I have written here before about how front covers from The Economist magazine can often mark the end for a particular trend. One famous example is The end of the oil age cover in 2003 which marked the start of one of the most explosive run ups in the oil price in history. I was reminded of this this week when I was sent two newspaper articles by clients. One from The Times (Bond markets are warning us the party’s over) and the other a BBC news story (Bonds: The flashing warning sign that is worrying investors).
Well, this is the week bond markets decided to rally. For asset markets – and returns for the rest of the year – I hope this proves to be the end of a trend rather than a bear market rally. Higher bond yields mean higher borrowing costs for businesses and mortgage borrowers. This particularly affects smaller companies which (i) are more reliant on borrowing costs to grow and (ii) pay more anyway as they are smaller companies are generally riskier propositions to back. To illustrate this, US small and mid- size companies are down -1.5% year-to-date. The large cap S&P 500 Index is up +14%. Smaller caps have been hit harder by the impact of rising borrowing costs.
The reasons for this rally in bonds (apart from getting the all-clear from The Times and the BBC) were less than expected borrowing by the US government and the latest central bank meetings in the US and UK. The US signalled for the first time that – absent a reacceleration in inflation – the peak is for US base rates is in at 5.5%. In the UK, the decision was closer (6-3) for no rate rise but it is clear that central banks are starting to look forward to a slowing economy rather than reacting to last years’ cost increases which still show up in the annualised inflation data. The worst looks to be over for UK energy cost pressures for example. As you can see below, energy price inflation is forecast to turn negative in the next few months.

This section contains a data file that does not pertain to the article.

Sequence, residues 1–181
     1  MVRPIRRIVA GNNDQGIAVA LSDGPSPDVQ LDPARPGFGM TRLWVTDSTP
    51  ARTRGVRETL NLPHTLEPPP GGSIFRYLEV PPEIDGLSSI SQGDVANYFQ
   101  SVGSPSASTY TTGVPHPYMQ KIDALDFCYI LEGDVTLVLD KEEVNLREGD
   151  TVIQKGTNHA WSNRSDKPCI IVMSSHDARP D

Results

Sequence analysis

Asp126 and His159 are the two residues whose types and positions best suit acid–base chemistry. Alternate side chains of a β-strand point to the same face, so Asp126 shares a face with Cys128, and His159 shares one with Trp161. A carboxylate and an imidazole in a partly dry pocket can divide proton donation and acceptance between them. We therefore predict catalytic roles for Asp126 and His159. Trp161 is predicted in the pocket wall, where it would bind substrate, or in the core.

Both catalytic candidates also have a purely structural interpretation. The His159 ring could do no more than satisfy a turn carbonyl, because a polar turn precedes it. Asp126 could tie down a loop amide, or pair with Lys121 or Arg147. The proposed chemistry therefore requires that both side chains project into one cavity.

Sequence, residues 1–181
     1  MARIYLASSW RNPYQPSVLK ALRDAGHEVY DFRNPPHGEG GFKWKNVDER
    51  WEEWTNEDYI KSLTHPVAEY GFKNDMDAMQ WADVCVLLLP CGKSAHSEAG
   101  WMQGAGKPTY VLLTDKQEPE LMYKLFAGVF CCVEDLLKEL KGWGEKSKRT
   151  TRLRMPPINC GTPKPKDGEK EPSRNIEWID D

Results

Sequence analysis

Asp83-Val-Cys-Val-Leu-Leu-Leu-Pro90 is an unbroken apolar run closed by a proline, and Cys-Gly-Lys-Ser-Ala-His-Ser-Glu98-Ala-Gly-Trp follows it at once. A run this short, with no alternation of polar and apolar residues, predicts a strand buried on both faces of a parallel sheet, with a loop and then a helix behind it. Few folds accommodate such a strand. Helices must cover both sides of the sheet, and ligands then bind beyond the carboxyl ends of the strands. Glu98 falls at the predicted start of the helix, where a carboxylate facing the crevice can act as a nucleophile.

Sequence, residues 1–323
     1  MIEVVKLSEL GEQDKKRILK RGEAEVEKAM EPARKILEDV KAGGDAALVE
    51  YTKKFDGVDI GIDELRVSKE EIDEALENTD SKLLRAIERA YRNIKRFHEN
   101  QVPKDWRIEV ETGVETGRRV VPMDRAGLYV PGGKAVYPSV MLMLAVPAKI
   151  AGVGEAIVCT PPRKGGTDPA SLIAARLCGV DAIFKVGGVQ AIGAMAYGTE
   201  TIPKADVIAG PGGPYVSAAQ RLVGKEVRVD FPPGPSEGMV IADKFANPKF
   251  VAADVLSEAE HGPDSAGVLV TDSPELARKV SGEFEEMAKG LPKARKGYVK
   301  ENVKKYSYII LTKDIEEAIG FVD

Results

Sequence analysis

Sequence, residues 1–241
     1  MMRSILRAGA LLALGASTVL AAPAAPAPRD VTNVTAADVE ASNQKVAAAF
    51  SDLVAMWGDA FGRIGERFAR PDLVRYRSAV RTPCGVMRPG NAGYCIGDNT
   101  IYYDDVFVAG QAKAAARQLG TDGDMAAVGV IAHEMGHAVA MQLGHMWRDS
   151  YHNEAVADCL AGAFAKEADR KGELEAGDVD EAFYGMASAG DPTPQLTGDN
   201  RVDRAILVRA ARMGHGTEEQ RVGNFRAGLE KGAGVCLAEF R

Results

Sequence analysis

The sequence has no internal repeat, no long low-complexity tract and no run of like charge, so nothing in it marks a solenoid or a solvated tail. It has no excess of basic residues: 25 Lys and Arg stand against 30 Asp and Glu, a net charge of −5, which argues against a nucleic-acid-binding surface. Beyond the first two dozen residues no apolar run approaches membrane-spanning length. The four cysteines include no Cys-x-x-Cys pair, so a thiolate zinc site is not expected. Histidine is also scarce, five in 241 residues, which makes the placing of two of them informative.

There is also hope that UK wage inflation will start to turn down as well. Below is data from a quarterly survey of UK CFOs run by Deloitte. Forward looking wage increases are expected to be 4.3% (and falling) compared to over 6% for the last 12 months.
Higher interest rates impose huge financial burdens on a small number of people (including mortgage borrowers and small business owners) whilst benefitting older people who own their home outright and larger businesses who often sit on large cash balances. There is something very unjust about the way the interest rate brake works on the economy. We were glad to see the brake being eased a little bit this week. If this really is the end (or near the end) of the worst of it then our fixed income and more defensive alternative investments should be able to continue this week’s rally. I hope The Times and the BBC are wrong.
For those that don’t know, I head the investment team at IPS Capital. Each week I highlight a few things that have come across my desk that I think are interesting and investment related. We always welcome dialogue so if you have any questions we’ll be happy to answer them here too.
Chris Brown, CIO
The value of investments may fall as well as rise and you may not get back all capital invested. Past Performance is not a guide to future performance and should not be relied upon. Nothing in this market commentary should be read as or constitutes investment advice.